April 2, 2008

filmsgraded.com:
Spanking the Monkey (1994)
Grade: 82/100

Director: David O. Russell
Stars: Jeremy Davies, Alberta Watson, Carla Gallo

What it's about. Ray (Jeremy Davies) is a medical student with a bright future and a pending internship. He returns home for a weekend, only to find out that his hottie mother Susan (Alberta Watson) has just broken her leg and requires home care, which he is expected to provide. There's no one else at home, since Ray's father Tom (Benjamin Hendrickson) is a travelling salesman.

The internship is out of the question. Now, Ray is stuck at home, caring for his lonely mother, who has developed a sexual interest in him. Ray's sole escapes from the troubled household are his walks with the dog, which put him in the path of bored and confused teenager Toni (Carla Gallo). Practically against his will, Ray begins a relationship with Toni, but this leads primarily to further frustration.

How others will see it. Spanking the Monkey is mildly notorious in film circles for three reasons. 1) it was the first feature for writer/director David O. Russell, who went on to mainstream success with Three Kings (1999). 2) it was made for $80,000, which in 1994 dollars is less than it would have cost to have Julia Roberts wave to the camera. 3) the story involves the taboo subject of incest. Most incest movies are father-daughter, an exercise in power and beauty. This one, though, is mother-son, and the dynamics are loneliness and access.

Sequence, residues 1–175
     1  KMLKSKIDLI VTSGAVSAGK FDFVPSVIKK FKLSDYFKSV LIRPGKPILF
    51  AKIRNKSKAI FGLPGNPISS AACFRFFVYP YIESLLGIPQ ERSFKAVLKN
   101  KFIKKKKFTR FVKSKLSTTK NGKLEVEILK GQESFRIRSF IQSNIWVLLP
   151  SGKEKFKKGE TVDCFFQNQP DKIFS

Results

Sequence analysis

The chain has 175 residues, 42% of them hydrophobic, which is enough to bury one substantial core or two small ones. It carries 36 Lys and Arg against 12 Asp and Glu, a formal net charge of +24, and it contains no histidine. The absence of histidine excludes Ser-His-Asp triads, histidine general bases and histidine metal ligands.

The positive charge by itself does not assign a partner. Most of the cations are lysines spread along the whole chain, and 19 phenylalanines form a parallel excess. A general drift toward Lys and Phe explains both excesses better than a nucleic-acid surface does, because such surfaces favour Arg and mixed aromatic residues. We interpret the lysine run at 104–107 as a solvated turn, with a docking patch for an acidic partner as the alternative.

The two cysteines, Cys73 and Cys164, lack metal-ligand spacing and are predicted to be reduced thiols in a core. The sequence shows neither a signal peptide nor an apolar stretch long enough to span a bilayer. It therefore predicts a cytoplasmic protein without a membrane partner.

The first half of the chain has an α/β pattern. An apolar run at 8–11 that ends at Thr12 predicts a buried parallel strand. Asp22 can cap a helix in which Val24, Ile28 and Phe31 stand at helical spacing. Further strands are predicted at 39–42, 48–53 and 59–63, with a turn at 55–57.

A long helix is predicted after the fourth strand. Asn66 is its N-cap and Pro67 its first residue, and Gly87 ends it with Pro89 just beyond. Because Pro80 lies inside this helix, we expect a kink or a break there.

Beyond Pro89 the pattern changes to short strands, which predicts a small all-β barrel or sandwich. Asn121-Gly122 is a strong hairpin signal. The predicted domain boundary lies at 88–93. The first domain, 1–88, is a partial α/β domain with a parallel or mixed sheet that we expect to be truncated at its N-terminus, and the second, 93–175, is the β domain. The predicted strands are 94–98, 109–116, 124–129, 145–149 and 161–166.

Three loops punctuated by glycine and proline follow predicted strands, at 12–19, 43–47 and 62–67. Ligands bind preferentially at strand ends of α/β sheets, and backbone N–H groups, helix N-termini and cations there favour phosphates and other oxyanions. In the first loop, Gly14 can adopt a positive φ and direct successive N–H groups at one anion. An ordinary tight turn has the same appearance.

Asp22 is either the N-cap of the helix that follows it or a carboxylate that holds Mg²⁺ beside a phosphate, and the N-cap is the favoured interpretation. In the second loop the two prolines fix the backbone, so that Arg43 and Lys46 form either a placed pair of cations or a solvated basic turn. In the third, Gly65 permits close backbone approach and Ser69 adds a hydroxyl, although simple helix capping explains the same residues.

How I felt about it. Spanking the Monkey is the rare excellent film that is nearly impossible to watch. Many scenes are unpleasant, yet it is rewarding in that it shows one way things can go wrong within a family. Loneliness, empathy, guilt, and lust become a powerful cocktail that only leads to misery. The family is disfunctional, and Ray wisely eventually takes what looks to be his only viable option. He runs away from home.

For the producers, it was a problem in marketing. What do you do with a rewarding movie that revolts much of its potential audience? Solution: sell it as a hip black comedy. Never mind that is humor is ironic and bitter. This is not like What Ever Happened to Baby Jane?. The characters are not exaggerated. It is more like a train wreck watched from the inside in agonizingly slow motion.

Ray is legally an adult. That makes his actions with his mother consensual. But it doesn't make them any more pleasant. Susan is highly intelligent and educated. She knows what she is doing, yet feels no guilt. Her marriage to Tom is loveless, she is bored out of her mind, and Ray is interesting and close at hand. Ray is also bored, completely frustrated, and is old enough to sympathize with his mother's loneliness. But unlike her, he is disgusted by their changed relationship. And if it continues, it will destroy the family.


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